CHICAGO (CBS) — The local Chick-Fil-A controversy seemed to be settled around this time last week, when Ald. Proco “Joe” Moreno (1st) said he had made peace with the fast food chain, following what he said was its new pledge regarding gay rights issues.

But following a statement by Chick-Fil-A saying it had made no “concessions,” the heated controversy has erupted again. Moreno is now reconsidering his decision to give Chick-Fil-A his blessing.

Last week, the Chicago Phoenix reported that Moreno had received a letter signed by the senior director of real estate at Chick-Fil-A, in which the chain pledged to “respect” all sexual orientations and end donations to anti-gay organizations. In response, the alderman said he would give Chick-Fil-A the green light to open a new location in his ward, two months after saying he would block the restaurant and deny it a zoning permit.

WinShape has made headlines for donating to companies that oppose same-sex marriage and gay rights — including Exodus International – a proponent of “reparative therapy” for homosexuality, and the Family Research Council, which was listed as a hate group by the Southern Poverty Law Center two years ago, according to published reports.

The letter said WinShape Foundations – the company’s charitable arm – will take “a much closer look at the organizations it considers helping,” the Phoenix reported.

But a couple of days later, following widespread coverage of the reported deal, a different story came from former Arkansas Gov. Mike Huckabee.

Huckabee, who organized the “Chick-Fil-A Appreciation Day” when the fast food chain was under fire for its president’s comments about gay marriage, said nothing had changed and Chick-Fil-A had made no concessions.

In a statement released on his Web site Friday, Huckabee said he had talked earlier in the day with Cathy, about reports that Chick-Fil-A had, in Huckabee’s words, “capitulated to demands of the supporters of same-sex marriage.”

“There continues to be erroneous implications in the media that Chick-fil-A changed our practices and priorities in order to obtain permission for a new restaurant in Chicago. That is incorrect,” a statement from Chick-Fil-A published by Huckabee said. “Chick-Fil-A made no such concessions, and we remain true to who we are and who we have been.”

Moreno was not pleased. In a Tumblr report, he expressed doubt about whether Chick-Fil-A executives were telling the whole truth in their lette to his office. He called on Chick-Fil-A president Dan Cathy to clear it all up.

“Dan Cathy decided to make a PUBLIC statement to Mike Huckabee that, at the least, muddied the progress we had made with Chick-Fil-A and, at the worst, contradicted the documents and promises Chick-Fil-A made to me and the community earlier this month,” Moreno wrote in his 1st Ward Report Tumblr. “Since Mr. Cathy made a PUBLIC statement, I am PUBLICLY asking him to confirm and support what I was told and shown by his company representatives.”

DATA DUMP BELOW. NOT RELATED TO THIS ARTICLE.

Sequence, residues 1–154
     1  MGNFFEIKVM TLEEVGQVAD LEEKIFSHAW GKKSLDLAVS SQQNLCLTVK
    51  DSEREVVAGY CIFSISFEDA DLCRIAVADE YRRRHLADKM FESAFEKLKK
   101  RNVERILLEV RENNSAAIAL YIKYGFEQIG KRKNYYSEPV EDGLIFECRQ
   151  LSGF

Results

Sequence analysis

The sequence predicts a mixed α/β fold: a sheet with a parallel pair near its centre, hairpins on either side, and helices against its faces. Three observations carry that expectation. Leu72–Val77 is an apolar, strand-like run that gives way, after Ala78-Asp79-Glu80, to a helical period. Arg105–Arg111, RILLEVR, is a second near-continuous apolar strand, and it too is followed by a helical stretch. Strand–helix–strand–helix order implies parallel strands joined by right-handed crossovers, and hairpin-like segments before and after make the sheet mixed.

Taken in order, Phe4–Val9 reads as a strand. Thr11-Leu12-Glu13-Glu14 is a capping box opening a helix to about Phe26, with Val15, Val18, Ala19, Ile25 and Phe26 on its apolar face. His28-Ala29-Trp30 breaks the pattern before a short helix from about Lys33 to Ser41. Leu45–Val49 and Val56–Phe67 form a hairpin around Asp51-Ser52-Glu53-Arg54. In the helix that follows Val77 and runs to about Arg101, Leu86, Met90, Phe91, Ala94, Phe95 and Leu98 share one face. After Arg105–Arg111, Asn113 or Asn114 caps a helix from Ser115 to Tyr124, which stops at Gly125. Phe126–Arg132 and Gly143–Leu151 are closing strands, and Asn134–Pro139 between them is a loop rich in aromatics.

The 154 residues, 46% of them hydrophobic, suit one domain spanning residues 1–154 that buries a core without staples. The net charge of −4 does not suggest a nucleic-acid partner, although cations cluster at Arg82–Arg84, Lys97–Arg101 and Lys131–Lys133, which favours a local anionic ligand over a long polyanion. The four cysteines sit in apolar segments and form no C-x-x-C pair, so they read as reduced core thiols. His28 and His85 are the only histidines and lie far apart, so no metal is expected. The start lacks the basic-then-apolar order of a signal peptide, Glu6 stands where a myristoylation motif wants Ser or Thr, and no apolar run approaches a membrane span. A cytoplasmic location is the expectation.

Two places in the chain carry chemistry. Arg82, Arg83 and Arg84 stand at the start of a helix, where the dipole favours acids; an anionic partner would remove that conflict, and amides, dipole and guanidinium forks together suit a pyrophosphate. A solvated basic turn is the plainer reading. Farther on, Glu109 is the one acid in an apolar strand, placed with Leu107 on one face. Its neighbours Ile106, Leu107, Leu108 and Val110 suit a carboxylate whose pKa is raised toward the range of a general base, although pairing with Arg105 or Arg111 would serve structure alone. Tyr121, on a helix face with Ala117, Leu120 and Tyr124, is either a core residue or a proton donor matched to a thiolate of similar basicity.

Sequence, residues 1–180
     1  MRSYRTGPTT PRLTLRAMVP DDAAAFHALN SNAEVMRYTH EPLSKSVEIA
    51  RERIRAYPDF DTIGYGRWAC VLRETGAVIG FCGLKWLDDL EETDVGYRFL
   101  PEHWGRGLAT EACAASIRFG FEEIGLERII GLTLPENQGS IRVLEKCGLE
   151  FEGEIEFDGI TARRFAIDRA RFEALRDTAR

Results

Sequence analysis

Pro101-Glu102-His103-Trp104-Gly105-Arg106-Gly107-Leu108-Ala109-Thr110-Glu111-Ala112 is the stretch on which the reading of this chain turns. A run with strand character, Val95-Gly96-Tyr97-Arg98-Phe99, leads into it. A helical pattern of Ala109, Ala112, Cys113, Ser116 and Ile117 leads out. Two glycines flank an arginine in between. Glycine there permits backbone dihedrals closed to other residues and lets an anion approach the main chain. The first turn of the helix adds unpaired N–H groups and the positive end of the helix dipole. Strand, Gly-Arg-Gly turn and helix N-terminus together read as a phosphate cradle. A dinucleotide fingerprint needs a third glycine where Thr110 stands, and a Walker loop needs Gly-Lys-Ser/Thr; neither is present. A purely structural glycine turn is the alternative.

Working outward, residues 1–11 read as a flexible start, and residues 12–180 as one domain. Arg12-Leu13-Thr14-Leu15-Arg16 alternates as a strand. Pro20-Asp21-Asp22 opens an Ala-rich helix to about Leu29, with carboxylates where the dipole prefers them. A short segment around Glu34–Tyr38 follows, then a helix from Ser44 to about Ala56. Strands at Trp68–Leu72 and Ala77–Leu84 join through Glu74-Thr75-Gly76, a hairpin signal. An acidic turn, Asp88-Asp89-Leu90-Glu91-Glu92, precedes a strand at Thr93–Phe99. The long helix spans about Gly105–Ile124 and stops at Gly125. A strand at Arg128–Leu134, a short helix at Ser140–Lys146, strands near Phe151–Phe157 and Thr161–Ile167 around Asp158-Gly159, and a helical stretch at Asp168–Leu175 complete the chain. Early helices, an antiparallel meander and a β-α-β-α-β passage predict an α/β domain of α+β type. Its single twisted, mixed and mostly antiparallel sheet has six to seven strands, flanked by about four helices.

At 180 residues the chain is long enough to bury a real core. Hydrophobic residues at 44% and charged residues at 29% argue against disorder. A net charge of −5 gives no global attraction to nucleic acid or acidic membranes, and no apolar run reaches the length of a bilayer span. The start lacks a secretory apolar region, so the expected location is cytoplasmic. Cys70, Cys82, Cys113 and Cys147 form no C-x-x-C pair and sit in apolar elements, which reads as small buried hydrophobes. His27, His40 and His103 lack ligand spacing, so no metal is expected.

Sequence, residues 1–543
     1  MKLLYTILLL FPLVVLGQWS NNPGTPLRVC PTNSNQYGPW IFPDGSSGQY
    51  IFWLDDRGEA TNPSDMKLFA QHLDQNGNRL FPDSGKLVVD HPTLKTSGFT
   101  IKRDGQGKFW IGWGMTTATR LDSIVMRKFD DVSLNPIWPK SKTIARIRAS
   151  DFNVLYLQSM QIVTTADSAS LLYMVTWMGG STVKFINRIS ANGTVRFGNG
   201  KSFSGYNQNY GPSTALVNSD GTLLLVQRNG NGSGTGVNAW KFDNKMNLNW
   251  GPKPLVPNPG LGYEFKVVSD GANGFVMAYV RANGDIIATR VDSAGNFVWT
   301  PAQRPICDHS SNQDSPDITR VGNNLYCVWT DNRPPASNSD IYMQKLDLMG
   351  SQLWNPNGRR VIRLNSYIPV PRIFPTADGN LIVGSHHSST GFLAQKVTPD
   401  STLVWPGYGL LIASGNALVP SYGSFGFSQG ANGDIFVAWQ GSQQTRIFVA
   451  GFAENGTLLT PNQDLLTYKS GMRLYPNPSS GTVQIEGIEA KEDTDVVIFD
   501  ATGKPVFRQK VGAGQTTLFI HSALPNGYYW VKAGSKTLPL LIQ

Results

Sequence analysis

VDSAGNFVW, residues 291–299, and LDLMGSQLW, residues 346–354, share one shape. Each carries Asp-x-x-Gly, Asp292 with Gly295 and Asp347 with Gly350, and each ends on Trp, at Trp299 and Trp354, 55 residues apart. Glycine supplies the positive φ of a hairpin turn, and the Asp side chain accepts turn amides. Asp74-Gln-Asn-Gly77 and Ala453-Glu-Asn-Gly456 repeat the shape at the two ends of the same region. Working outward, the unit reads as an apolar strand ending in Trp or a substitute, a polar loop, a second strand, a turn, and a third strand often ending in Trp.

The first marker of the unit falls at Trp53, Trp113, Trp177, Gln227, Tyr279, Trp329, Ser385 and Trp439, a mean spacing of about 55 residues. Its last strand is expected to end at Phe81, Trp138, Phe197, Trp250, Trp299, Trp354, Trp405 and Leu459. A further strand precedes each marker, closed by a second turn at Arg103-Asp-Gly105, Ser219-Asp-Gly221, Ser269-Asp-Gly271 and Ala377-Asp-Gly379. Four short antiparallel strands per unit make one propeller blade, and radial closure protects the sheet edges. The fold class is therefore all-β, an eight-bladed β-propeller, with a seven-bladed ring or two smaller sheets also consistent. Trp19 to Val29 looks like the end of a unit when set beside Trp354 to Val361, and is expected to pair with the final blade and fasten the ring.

He asked Cathy to confirm publicly that the WinShape Foundation would not support organizations with “political agendas” – a category Moreno said he was told included anti-gay groups. He also asked Cathy to confirm that Chick-Fil-A had delivered a letter saying as much, and also to confirm that the company had developed a policy of “treat every person with honor, dignity and respect- regardless of their beliefs, race, creed, sexual orientation or gender” as he says company officials told him.

Moreno accused Cathy of wanting to “confuse people,” and asked the Chick-Fil-A president to confirm or deny the reported pledge regarding gay rights once and for all.

“It is pretty simple, Mr. Cathy. Do you acknowledge and support the policies that your executives outlined to me in writing or do you not? Yes or no?” Moreno wrote. “If not, Chick-Fil-A is a business that practices irresponsible, and potentially illegal, business standards.”

Moreno also wrote that even though he has now provided a letter of support, he is no longer so certain that he will be supporting a new Chick-Fil-A in his ward.

“I still need to introduce legislation to make the Chick-fil-A in the Logan Square neighborhood of Chicago a reality,” Moreno wrote. “I will wait to see what Mr. Cathy’s next PUBLIC statement is, and reflect on that statement before moving forward with appropriate legislation.”

The controversy all started in Chicago back in July, when n response to an article profiling the company ran in July on the Christian news site Baptist Press.

The article notes that some have opposed Chick-Fil-A’s “support for the traditional family,” and goes on to quote Cathy as saying, “Guilty as charged.”

Afterward, Moreno said he would not grant the zoning permit for a Chick-Fil-A in the 2500 block of North Elston Avenue. While Cathy’s comments have been presented as being only his personal views, Moreno said last week that he is unconvinced that Chick-Fil-A will not discriminate against the LGBT community.

Supporters of Chick-Fil-A said Moreno’s plan to deny the permit would have amounted to illegal censorship, and that the comments about same-sex marriage were Cathy’s alone and not representative of any company policy. But Moreno said at the time that he was not convinced that Chick-Fil-A would not discriminate.